Time Sequence Analysis in Geophysics by E. R. Kanasewich, Hardcover | Barnes & Noble®
The exact length of the receiver line is determined by the depth of the target that is to be imaged. Seismic Wave Propagation The full elastic seismic wavefield that propagates through an isotropic Earth consists of a P-wave component and two shear SV and SH wave components.
Marine air guns and vertical onshore sources produce reflected wavefields that are dominated by P and SV modes. Much of the SV energy in these wavefields is created by P-to-SV-mode conversions when the downgoing P wavefield arrives at stratal interfaces at nonnormal angles of incidence Fig. Horizontal-dipole sources can create strong SH modes in onshore programs.
No effective seismic horizontal-dipole sources exist for marine applications. A principal difference among P, SV, and SH wavefields is the manner in which they cause rock particles to oscillate. A compressional wave causes rock particles to oscillate in the direction that the wavefront is propagating.
In other words, a P-wave particle displacement vector is perpendicular to its associated P-wave wavefront. In contrast, SV and SH waves cause rock particles to oscillate perpendicular to the direction that the wavefront is moving, with the SH and SV displacement vectors orthogonal to each other. A shear-wave particle-displacement vector is thus tangent to its associated wavefront. In a flat-layered isotropic Earth, the SH displacement vector is parallel to stratal bedding, and SV displacement is in the plane that is perpendicular to bedding.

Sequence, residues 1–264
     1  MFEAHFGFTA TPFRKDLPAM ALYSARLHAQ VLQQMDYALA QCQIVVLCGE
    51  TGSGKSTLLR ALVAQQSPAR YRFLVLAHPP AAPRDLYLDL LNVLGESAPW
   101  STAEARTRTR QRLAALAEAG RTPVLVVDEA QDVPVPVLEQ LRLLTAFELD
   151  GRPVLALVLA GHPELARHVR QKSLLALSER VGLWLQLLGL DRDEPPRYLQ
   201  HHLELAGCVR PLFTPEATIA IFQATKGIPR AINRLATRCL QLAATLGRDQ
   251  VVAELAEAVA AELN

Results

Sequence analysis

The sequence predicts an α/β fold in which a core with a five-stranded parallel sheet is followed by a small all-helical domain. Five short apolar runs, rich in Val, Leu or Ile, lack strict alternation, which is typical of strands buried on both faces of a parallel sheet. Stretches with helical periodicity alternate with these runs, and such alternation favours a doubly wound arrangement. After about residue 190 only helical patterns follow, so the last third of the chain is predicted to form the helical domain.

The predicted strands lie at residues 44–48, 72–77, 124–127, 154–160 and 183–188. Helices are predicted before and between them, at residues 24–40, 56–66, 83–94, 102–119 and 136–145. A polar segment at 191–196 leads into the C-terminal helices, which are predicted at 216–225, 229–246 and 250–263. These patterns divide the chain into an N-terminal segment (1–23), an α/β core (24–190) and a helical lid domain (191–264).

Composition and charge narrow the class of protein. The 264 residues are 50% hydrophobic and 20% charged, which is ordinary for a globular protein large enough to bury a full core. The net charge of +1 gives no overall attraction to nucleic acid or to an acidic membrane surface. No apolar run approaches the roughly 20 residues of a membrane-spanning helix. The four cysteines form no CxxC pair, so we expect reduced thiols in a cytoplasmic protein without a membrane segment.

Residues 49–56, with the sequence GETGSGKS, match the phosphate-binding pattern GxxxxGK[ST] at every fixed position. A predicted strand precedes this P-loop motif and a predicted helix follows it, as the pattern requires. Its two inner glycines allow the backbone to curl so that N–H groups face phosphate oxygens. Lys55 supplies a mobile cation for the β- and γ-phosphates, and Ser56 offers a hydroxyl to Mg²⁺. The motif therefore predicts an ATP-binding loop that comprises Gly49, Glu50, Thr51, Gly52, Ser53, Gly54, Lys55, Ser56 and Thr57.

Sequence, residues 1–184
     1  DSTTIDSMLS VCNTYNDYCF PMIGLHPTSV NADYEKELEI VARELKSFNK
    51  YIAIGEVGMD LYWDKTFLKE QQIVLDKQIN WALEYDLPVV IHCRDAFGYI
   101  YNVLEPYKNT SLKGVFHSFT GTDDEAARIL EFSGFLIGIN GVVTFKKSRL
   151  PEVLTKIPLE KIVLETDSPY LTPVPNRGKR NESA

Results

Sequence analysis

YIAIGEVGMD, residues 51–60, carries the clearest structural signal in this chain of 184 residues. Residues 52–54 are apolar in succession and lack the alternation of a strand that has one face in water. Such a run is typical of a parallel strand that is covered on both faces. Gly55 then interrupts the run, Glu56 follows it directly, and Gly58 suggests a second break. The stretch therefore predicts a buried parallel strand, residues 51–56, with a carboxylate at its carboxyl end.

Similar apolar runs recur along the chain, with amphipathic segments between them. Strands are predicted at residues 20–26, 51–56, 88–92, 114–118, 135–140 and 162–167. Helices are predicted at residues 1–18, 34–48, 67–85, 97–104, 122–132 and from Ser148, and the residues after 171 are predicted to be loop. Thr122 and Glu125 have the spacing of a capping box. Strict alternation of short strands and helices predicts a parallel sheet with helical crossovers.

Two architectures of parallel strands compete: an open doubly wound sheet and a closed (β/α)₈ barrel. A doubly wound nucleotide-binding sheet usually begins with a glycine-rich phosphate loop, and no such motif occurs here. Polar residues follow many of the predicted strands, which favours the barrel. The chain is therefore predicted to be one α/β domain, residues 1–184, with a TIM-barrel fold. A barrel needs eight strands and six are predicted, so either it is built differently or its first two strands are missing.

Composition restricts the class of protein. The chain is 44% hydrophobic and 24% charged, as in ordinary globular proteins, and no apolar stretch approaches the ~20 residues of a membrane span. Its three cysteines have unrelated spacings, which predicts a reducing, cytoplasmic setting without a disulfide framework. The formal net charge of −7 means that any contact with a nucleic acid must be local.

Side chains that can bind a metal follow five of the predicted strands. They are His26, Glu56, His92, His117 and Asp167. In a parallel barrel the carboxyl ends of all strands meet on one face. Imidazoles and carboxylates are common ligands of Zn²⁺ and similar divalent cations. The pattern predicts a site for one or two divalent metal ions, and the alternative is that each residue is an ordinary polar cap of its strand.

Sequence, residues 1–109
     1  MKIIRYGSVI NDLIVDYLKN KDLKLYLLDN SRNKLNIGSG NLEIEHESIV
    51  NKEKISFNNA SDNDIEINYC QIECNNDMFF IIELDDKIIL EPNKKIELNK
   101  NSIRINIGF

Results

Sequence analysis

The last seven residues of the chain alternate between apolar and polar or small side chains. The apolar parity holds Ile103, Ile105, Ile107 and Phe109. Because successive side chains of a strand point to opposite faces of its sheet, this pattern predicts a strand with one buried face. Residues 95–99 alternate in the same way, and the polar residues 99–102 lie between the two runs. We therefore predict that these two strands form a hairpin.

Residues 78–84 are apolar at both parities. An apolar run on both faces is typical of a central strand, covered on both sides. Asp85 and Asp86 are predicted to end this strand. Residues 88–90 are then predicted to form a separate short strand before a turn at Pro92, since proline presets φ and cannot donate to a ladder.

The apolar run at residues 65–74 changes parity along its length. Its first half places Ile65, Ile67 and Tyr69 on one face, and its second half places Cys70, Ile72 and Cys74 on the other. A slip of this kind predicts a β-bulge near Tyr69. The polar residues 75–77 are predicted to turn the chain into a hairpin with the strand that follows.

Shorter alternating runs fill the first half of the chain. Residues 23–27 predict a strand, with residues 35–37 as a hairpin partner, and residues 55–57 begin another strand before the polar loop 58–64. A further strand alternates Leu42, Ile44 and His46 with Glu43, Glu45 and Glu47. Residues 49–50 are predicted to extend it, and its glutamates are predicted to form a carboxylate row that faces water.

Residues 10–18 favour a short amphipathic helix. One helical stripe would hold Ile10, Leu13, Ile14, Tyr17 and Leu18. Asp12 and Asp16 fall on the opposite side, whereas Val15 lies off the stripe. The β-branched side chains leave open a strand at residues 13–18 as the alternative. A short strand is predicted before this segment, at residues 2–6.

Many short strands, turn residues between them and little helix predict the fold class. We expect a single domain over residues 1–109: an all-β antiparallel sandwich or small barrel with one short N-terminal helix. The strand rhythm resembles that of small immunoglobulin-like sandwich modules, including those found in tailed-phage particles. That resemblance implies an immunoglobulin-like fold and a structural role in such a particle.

Body Waves and Surface Waves Seismic wavefields propagate through the Earth in two ways: body waves and surface waves. Body waves propagate in the interior body of the Earth and illuminate deep geologic targets. These waves generate the reflected P, SH, and SV signals that are needed to evaluate prospects and to characterize reservoirs. Reflected or scattered body waves are the fundamental signals sought in seismic data-acquisition programs. Surface waves are noise modes that overlay the desired body-wave reflections. Surface waves can be a serious problem in onshore seismic surveys.